5 Undiscovered Foodie Destinations
Over the past 10 years, the “foodie” culture has exploded. We now have more cooking shows than you can throw a spatula at, home cooks who have become famous on Youtube, and food tourism has become its own travel niche. Destinations we once wouldn’t have thought of as food-focused are finding a new appreciation for their own traditions, as foodies from all over the world want to know more. Here’s our list of the top 5 undiscovered foodie destinations you should consider for your next getaway!
1. Bologna, Italy
While Dipaways is known for our incredible getaways to Southern Italy’s iconic Amalfi Coast, Nothern Italy is a foodie paradise that travelers tend to overlook. Bologna is the passionate red beating heart of food culture in Italy. The salty perfume of prosciutto and pecorino fill the air, and at every corner, you’ll turn to meet a brightly colored display of vegetables, fresh seafood delivered daily from the Adriatic Sea, a plethora of cheese and handmade pasta shops, and most prevalently, meat. A short train journey from Bologna takes you to Modena, the birthplace of Aceto Balsamico Tradizionale di Modena or authentic balsamic vinegar of Modena. These generations-old family-run businesses are dotted throughout the city, with many offering tours and tastings. Opt for the smaller ones for a more hands-on experience. Also in Modena, you’ll find Chef Mossimo Battura’s Osteria Francescana, named Best Restaurant in the World in 2018. While this restaurant is on the serious foodie’s itinerary, the rest of the region often gets missed.
2. San Juan Islands, Washington
This cluster of islands off the northern coast of Washington sits just below the Canadian border. Their remote location, fertile land, and temperate climate have enabled them to create a richly self-sufficient farming culture. It’s a region Washington foodies flock to but has largely managed to remain a secret to everyone else. San Juan island is the hub and has a more tourist feel, but when you get to the outer-lying islands, that’s really when the fun starts. Orcas Island has several incredible restaurants and a bustling farmers market that is really the heart of the community. Visit Buck Bay, where you can choose and shuck your fill of oysters in a casual, communal setting while overlooking the shellfish farm. You can also hit Open Mic Night at Doe Bay for great food, a chill atmosphere, and the best sunset of your life. Lopez Island is great for a meal at Ursa Minor too! Be sure to reserve that table well in advance. A week spent ferrying between islands will be an investment, but your palate will congratulate you.
3. Vilnius, Lithuania
The collapse of the Soviet Union rustled this hibernating culinary giant from its sleep. With influences of Jewish, Karaite, Polish, Ukrainian, Italian, and German cuisine, the intermingling of traditions has resulted in a creative hodgepodge of edible delights. Paired with a once underground micro-brew culture (the Soviets didn’t allow people to brew beer privately) and hip music & food market scene, you’ll be satiated for days. Start with a bagel & lox at Beigelių Krautuvėlė, take a beer flight at Špunka, and spend the evening sampling a variety of bites at Open Kitchen, where you can get a feel for the local music scene on their live music nights.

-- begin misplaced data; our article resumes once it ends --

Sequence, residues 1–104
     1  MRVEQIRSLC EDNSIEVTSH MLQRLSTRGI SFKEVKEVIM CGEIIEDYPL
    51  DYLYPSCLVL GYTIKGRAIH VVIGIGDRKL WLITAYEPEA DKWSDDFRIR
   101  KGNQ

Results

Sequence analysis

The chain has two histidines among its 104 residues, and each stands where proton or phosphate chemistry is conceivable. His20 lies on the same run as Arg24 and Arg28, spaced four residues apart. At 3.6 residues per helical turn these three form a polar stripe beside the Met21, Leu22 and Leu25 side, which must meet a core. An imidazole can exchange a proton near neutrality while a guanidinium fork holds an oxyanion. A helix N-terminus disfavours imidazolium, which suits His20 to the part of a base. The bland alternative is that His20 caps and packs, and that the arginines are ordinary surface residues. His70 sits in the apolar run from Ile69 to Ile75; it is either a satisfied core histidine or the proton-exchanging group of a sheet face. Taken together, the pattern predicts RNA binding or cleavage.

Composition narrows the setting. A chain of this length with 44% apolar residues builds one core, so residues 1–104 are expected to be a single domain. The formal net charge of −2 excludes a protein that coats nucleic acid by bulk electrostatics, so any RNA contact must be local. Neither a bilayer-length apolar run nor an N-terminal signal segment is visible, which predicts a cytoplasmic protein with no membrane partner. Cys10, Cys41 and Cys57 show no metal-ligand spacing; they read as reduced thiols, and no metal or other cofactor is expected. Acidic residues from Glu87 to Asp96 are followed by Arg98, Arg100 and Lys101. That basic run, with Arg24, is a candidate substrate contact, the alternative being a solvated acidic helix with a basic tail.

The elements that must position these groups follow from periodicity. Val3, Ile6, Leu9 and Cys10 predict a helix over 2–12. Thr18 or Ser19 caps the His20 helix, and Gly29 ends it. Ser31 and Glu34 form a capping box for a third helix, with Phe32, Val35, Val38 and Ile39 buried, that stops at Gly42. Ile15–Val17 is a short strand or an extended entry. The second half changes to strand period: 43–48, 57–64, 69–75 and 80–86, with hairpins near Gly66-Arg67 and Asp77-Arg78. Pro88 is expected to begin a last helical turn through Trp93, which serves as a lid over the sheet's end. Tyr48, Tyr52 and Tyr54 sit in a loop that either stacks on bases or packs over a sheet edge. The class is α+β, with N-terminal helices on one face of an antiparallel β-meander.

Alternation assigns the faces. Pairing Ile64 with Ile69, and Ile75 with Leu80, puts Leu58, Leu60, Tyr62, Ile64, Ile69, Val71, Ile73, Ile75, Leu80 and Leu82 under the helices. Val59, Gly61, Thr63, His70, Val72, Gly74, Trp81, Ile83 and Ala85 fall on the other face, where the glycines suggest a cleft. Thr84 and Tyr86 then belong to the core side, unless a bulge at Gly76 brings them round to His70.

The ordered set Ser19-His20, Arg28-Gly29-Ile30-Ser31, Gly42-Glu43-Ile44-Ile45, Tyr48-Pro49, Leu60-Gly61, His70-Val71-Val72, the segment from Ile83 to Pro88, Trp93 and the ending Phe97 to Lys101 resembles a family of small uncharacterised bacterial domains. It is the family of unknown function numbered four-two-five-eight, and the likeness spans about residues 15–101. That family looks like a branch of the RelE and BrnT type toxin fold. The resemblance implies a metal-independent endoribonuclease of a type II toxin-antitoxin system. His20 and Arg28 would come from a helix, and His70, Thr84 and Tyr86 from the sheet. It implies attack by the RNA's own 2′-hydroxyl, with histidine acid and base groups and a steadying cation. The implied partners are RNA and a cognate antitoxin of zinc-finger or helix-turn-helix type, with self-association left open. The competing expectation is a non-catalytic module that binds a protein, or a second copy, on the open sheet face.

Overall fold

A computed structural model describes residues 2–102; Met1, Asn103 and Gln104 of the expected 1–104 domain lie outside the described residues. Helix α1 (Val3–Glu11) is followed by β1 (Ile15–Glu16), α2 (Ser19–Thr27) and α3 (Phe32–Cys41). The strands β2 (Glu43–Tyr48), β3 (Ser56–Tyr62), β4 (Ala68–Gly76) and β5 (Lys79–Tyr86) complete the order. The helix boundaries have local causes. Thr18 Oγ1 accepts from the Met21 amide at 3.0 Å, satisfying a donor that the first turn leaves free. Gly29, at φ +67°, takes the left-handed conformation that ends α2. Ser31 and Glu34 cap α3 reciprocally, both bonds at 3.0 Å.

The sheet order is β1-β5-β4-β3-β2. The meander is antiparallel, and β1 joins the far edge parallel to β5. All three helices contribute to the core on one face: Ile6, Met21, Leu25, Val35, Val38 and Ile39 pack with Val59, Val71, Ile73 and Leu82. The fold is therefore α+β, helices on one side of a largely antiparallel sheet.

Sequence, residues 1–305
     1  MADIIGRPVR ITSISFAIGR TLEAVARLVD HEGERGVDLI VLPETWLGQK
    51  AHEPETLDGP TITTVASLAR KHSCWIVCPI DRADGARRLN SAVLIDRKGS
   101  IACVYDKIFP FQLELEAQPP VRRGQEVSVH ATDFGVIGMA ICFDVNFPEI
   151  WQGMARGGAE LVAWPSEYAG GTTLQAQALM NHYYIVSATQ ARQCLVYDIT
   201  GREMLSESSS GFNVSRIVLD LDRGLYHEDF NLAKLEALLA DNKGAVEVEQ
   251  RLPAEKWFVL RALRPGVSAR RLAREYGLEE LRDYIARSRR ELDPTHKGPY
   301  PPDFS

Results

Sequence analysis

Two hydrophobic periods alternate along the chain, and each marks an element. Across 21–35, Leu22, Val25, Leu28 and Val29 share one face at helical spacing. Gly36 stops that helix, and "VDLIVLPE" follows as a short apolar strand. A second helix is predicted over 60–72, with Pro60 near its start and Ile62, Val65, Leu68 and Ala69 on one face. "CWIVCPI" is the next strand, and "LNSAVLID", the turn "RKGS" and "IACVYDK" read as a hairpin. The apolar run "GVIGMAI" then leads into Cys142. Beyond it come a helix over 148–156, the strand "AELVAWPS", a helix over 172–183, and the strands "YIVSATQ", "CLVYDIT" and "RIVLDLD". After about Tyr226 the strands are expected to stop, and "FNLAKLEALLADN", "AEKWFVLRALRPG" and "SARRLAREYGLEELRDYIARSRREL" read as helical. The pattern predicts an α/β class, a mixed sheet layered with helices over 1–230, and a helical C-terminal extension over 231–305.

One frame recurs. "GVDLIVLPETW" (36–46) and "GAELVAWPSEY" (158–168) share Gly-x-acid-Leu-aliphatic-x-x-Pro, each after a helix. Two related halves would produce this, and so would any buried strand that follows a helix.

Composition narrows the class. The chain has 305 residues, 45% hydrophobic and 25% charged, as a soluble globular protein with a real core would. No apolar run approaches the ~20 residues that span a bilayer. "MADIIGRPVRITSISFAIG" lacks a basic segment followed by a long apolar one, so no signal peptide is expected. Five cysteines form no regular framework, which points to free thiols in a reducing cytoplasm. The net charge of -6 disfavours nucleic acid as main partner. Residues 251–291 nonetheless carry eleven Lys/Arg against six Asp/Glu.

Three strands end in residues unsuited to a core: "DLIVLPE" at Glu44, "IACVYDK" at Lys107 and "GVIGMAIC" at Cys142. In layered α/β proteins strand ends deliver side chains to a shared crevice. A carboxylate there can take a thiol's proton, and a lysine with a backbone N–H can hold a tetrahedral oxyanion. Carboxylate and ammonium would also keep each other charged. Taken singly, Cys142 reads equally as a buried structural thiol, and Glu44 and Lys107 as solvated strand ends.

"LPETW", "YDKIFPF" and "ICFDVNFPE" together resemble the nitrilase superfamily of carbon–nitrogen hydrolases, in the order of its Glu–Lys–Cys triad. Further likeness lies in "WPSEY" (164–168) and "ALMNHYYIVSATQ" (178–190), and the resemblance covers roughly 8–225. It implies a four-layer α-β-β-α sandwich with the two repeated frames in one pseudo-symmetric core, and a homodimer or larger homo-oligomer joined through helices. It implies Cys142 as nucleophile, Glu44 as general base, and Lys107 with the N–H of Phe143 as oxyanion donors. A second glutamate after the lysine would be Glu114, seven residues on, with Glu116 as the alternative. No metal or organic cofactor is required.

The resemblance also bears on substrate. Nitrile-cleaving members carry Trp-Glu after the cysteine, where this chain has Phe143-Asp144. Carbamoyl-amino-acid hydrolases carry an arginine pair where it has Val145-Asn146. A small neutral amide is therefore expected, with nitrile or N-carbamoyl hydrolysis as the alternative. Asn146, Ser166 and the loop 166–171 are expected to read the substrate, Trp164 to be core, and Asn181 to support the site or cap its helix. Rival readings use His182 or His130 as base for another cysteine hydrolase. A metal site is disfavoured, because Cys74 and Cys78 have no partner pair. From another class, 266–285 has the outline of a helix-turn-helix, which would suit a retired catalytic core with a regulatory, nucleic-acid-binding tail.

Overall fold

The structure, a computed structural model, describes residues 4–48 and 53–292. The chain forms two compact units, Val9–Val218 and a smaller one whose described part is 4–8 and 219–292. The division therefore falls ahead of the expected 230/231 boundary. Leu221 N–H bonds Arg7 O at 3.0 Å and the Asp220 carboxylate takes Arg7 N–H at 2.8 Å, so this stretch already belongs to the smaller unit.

4. West Cork, Ireland
Ireland is not all meat and potatoes, but in order to keep this foodie hotspot a secret, people might prefer to let you keep believing that. Parts of the island nation still depend largely on imported food from mainland Europe, but due to its more rural location, West Cork has taken advantage of the vast farmland and more favorable weather down south to nurture a bustling food culture. There are good restaurants galore in West Cork, but the main attraction is the plentiful farmer’s markets taking turns hosting local farmers and makers on different days of the week. The market schedule can be found here, so plan your visit around those and you’ll get a delicious perspective on the importance of food and community in this tight-knit foodie locale.
5. Phnom Penh, Cambodia
Cambodia doesn’t rank high on the foodie radar of the masses…yet! Snugly nestled on the banks of the Mekong River, it might take you a while to get over the aesthetic of the city before you can even start thinking about food. Packed tightly with brightly colored buildings, the stately French architecture is commingled with Khmer-style buildings in tribute to ancient deities. Foodie culture in Phnom Penh is one of the most creative you’ll find in the region. The population is young, but they value the traditional, while simultaneously bending it in their own creative ways. Nesat Seafood House is as cheap as it is trendy, located in a hip art district called the Russian Market. Peruse local art and get to know local creatives at Factory Phnom Penh. For drinks, slip into the tiny alley at Bassac Lane, and revive yourself post-debauchery with an abundance of third-wave coffee shops in the Boeung Keng Kang neighborhood.
Satisfy your travel foodie desires on an upcoming group trip!
Erin Skahank, a writer for Dipaways, is a travel-obsessed food writer based in Dublin. You can find more of her musings and recommendations on her website The Rouxx.